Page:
The shift away from free in online photo
In search of better margins, big brands are moving away from regular discounts
There’s no question the online photofinishing market is becoming mature, as print volume shifts to mobile and, particularly, to apps. In recent earnings reports, some big brands indicated a move away from free offers to improve margins. Understandably, they are taking a hit on volume but are reaping margin increases.
In Shutterfly‘s earnings call last week, CEO Christopher North told analysts, “While Shutterfly Consumer segment growth was below our expectations driven by a mix shift away from free promotions and towards paid higher value purchases, we’re pleased with the continuing improvements in the business.
“While free promotions can play a useful role in engaging customers and in driving strategically valuable actions such as customer acquisition to our app, they come with trade-offs against the quality of revenue, brand positioning, and customer behavior. Over the last three quarters, we’ve begun to reduce the mix of revenues from free promotions and expect to limit their use over time to situations where they help us acquire customers cost-effectively or increase customer lifetime value. The trend away from free accelerated more than expected in Q2 both because of the actions we took to reduce the free mix, but also because we’re seeing customers responding less to free promotions.”
Note what North said: “customers responding less to free promotions.” When giveaways and freebies are the only tool in a marketers bag, its difficult to sustain growth, in the absence of unique selling propositions. Freebie fatigue is real.
“As a result, Shutterfly.com revenue from free products in Q2 declined 11% year-over-year, while revenue from paid products increased 17%, and the mix of revenues coming from paid increased from 81% last year in Q2 to 85% this year in Q2,” added North. “These figures are for Shutterfly.com as a whole and include the Tiny Prints boutique and incremental revenue from shuttered websites. We regard this as a positive shift in that it reduces our reliance on our most aggressive promotions, improves the quality of our revenue, and protects our premium brand position. However, it does have a near-term impact on headline growth in Q2 and we expect it to do so again in Q3.”
In response to an investment analyst question, North said noted Shutterfly is not completely walking away from free promotions, but will reduce reliance on them as a customer-acquisition tool: “There is a role for free where it drives strategically valuable actions by customers, where it helps us acquire customers also cost-effectively or it drives increased lifetime value for customers. But, frankly, we think … we allowed [the free mix] to get too high in the past, and so we think it’s the right thing to do to reduce it.”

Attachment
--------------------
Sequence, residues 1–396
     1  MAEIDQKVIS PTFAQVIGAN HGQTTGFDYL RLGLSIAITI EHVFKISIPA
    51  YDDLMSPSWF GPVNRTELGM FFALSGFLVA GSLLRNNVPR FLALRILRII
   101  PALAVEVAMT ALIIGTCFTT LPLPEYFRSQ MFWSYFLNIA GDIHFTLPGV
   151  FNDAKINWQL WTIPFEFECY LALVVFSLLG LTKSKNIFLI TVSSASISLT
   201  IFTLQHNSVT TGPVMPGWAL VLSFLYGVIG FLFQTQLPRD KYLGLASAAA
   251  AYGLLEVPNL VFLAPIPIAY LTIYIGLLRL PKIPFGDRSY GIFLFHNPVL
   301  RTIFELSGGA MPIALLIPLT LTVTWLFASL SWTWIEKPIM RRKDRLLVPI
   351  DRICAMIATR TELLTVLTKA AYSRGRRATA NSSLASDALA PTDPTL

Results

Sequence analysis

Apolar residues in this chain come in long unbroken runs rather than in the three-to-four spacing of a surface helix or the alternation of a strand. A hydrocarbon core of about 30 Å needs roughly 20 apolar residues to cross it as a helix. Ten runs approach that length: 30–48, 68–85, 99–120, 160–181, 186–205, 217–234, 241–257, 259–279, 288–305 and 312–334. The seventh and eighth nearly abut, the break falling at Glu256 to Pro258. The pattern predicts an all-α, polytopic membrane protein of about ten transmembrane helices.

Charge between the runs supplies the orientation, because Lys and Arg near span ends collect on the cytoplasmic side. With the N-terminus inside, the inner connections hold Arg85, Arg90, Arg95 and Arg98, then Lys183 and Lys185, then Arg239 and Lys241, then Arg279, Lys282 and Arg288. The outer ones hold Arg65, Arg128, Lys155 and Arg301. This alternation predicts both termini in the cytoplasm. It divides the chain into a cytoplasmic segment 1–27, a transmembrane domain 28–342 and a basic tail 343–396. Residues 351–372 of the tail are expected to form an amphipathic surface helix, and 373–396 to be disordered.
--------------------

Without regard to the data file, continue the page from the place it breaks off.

At the other end of the value spectrum, Cimpress‘ Vistaprint unit – known for giving away product to acquire customers – has also backed away from free offers, according to this chart in the company’s annual report:
“The graph illustrates that our growth slowed considerably in fiscal years 2013 and 2014,” the annual report stated. “We believe this was a result of underinvestment during the previous five or so years combined with significant growth ‘headwinds’ as we moved Vistaprint away from a customer value proposition which was largely characterized by free offers that we combined with aggressive up-selling and cross-selling. More recently, as the benefits of its repositioning started to take hold, Vistaprint has begun a slow-but-steady, multi-year return to stronger year-over-year increases of incremental revenue. In addition, the newer parts of Cimpress, especially our Upload and Print reportable segment, have contributed materially to our consolidated organic growth in the past several fiscal years.”
As for mobile, Shutterfly’s North says the company continues to revise and enhance its mobile offering, which is paying off with greater usage: “Mobile continues to grow strongly with mobile purchases increasing 410 basis points year-over-year to 29% of Shutterfly brand revenue. We continue to expand the range of products available in the app, adding 13 products in the second quarter, which helps drive higher mobile average order value. In the second quarter, we had over 1 million app downloads and continued to see a high install-to-first order ratio and attractive customer acquisition costs. We also further enhanced user experience with features such as intuitive inline text editing, push notifications alerting a customer when an order has shipped, a new countdown timer for upcoming events such as Mother’s Day and a made for Samsung variant of the Shutterfly app that is a special offer for Samsung users and it’s distributed via their app store.”
One thought on “The shift away from free in online photo”
[…] It’s not particularly surprising, but free online photo products do not appear to be a sustainable business model. See https://thedeadpixelssociety.com/the-shift-away-from-free-in-online-photo/? […]
Comments are closed.